Tuesday, July 31, 2007

Question & Answer With Chabakuk Elisha - Trapped In A Cube

(Picture courtesy of andya.org.uk)

A Simple Jew asks:

I realize that this is problem many other wish they had:

Baruch Hashem, I have a well-paying, stable, and stress-free job that I davened long and hard to get for months. While I excel working under pressure and never shy away from working hard, there are few expectations in my new job and I have very little actual work to do each day. I do not have a lot of interaction with other people and feel somewhat like I was sentenced to solitary confinement in a cubicle. I perform my work diligently and in a timely manner. I have been told that I am an excellent worker. I know from experience that if I ask my supervisor to take on additional responsibilities I will be tasked with such "fulfilling" work as organizing the file room.

So, here is my dilemma: Do I seek to move to another office where my stress level, working hours, and work-load will increase exponentially, or do I remain in my cubicle, professionally unfilled but with a myriad of brochas to be thankful for? Do I stay in this position until Hashem gives me a sign to move on? What would you do?

Chabakuk Elisha answers:

It depends (of course). It depends on a lot of things… Instead of addressing this specific case, I would just say that IMHO, this is the way I'd go about the decision:

Ideally, if possible, we should spend our time learning Torah and being a better Jew to the best of our ability. Therefore, the goal is to find a job that pays well enough to support our family properly and leave us more time that we use in Torah, Tefiloh and general improvement in Yiddishkeit. If we find such an opportunity, we grab it; if there is a job that will detract from those things, we are best off thinking about what that will mean as far as our mission on this world.

Now, I'm not an ambitions guy at all (nothing to be proud of), so it's easy for me to say. Most of the time, I wait for a sign (which may simply be laziness on my part). A more ambitious fellow might need to find more fulfillment from his job or career, and therefore he would probably climb the ladder to better and better opportunities, while a less ambitions guy might be happier with an easier, more laid back, job. In either case, I think, the issue – as far as what the right answer is – comes down to a couple simple things (in no particular order):

1. Are you fulfilling your responsibilities (short-term / long-term)

2. What are you doing with your "other" time

3. How does it affect your purpose for existence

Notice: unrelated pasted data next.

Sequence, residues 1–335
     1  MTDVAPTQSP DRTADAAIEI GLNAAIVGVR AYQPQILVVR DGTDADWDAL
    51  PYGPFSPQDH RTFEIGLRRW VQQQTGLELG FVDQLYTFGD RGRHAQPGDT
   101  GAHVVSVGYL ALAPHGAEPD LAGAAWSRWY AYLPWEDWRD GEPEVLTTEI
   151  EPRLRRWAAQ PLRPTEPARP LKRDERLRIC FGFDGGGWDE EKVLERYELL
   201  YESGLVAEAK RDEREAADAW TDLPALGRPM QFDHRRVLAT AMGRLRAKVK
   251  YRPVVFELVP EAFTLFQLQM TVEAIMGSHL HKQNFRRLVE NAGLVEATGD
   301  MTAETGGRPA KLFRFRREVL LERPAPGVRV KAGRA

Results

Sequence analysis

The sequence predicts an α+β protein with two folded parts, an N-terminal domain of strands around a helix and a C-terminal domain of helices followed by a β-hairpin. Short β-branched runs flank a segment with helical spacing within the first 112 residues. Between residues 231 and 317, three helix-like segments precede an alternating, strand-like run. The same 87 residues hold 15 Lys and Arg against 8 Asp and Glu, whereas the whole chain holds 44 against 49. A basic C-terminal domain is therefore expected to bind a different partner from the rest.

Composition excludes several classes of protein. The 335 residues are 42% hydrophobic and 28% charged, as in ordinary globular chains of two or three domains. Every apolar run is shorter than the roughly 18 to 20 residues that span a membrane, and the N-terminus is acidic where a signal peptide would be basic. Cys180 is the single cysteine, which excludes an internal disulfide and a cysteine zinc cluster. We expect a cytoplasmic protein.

4. What are the motives for staying / seeking-to-move-on and are they positive ones

And this is the main one:

5. What does your wife say?

A Simple Jew responds:

1. Yes, to the best of my abilities.

2. My other time is split between my familial responsibilities, avodas Hashem, and running on the treadmill for exercise. [one can argue though that this should all be considered avodas Hashem] I don't watch TV or go to movies so very little of my "free time" could be considered a waste of time.

3. Abraham Maslow's hierarchy of needs states that the number one need is "self actualization". Self-actualization is defined as "the instinctual need of humans to make the most of their abilities and to strive to be the best they can." As I sit within the confines of my cubicle I can't honestly say that I am "self-actualized'.

4. My motives for staying are basically that I am lazy and it is easier to do nothing. My motives for wanting to move relate to my answer for #3.

5. My wife thinks Hashem gave me a huge brocha with this job and wonders why I would want anything else.

Chabakuk Elisha responds:

1. Ok, but would you fill your responsibilities any less if you stay where you are? Would you fulfill them more if you were to move on?

2. Would you have less time for those things if you move on? Would your family, your learning, davening or avoda pay a price? Would it be likely improve?

3. Do you find that this is affecting you? If so, in what areas and is it significantly so?

Personally, I think that our wives usually know best ;-)


At July 31, 2007 at 7:26:00 AM EDT, Anonymous Anonymous said...

I think the most satisfying and likely-to-be-noticed-for meaningful advancement work will come from your discovery of a need within the company and filling it.